Assistant Professor of Computer Science
- Doctoral Degree, Computer Science, Stanford University
- Master's Degree, Computer Science, Stanford University
- Bachelor's Degree, Mathematics with Computer Science, Massachusetts Institute of Technology
Research homepage: https://www.korolova.com
I am a WiSE Gabilan Assistant Professor of Computer Science at USC. My research studies societal consequences of algorithms and AI, and aims to develop and deploy algorithms and technologies that enable data-driven innovations while preserving privacy and fairness.
Previously, I was a Privacy Advisor at Snap and a Research Scientist at Google. I received my Ph.D. in Computer Science from Stanford University, where I was a Cisco Systems Stanford Graduate Fellow advised by Prof. Rajeev Motwani and Prof. Ashish Goel. My Ph.D. thesis focused on protecting privacy when mining and sharing user data, and has been recognized by 2011-2012 Arthur L. Samuel Thesis Award for the best Ph.D. thesis in the Computer Science department at Stanford. I am also a co-winner of the 2011 PET Award for exposing privacy violations of microtargeted advertising and a runner-up for the 2015 PET Award for RAPPOR, the first commercial deployment of differential privacy. I received the NSF CAREER Award in 2020.
Developed differentially private algorithms for common data mining tasks such as search log release and malware detection in the local model of privacy, leading to the first commercial deployment of differential privacy.
Identified privacy shortcomings in microtargeted advertising, Apple's deployment of differential privacy, and treatment of Bluetooth permissions by mobile OSes, leading to changes in practices and greater transparency.
Demonstrated that Facebook's ad delivery optimization algorithms can direct job and housing ads to audiences skewed by race & gender even when advertisers target large, inclusive audiences. Furthermore, showed that Facebook's ad delivery optimization algorithms limit political advertisers' ability to reach audiences that do not share their political views and can create informational filter bubbles. Finally, developed a new auditing methodology to distinguish between skew introduced by job ad delivery algorithms that may be explainable by differences in qualifications (permissible by law) from skew due to factors such as the ad platform's optimization for its business objectives, demonstrating that Facebook's job ad delivery algorithms are not merely biased but discriminatory.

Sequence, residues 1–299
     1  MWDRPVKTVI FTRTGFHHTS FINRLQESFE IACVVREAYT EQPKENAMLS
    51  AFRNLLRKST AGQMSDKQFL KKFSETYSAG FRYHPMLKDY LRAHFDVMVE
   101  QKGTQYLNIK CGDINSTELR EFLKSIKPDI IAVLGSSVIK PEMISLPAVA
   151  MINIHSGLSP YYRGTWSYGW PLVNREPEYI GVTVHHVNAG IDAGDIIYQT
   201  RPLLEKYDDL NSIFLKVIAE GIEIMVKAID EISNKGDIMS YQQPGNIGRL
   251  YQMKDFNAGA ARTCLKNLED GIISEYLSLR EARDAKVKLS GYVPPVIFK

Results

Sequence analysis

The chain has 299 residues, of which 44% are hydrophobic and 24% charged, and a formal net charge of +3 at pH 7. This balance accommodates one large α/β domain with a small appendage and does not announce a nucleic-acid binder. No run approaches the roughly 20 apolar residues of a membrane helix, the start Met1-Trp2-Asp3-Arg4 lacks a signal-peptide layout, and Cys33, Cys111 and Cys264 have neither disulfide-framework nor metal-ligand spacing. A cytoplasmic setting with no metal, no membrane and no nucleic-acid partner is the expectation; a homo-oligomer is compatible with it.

Showed how automated analyses of users' privacy-related actions can be used to improve product privacy features.
- 2021 Runner-up for the WWW Best Student Paper Award
- 2020 NSF CAREER Award
- 2019 VMware Research Fellow at the Simons Institute for the Theory of Computing
- 2019 CSCW Recognition of Contribution to Diversity and Inclusion
- 2019 Honorable Mention at the 22nd ACM Conference on Computer Supported Cooperative Work (CSCW)
- 2017 Google Security and Privacy Research Award
- 2015 Runner-up for the PET Award for Outstanding Research in Privacy Enhancing Technologies
- 2012 Stanford University Arthur L. Samuel Thesis Award
- 2011 Co-Winner of the PET Award for Outstanding Research in Privacy Enhancing Technologies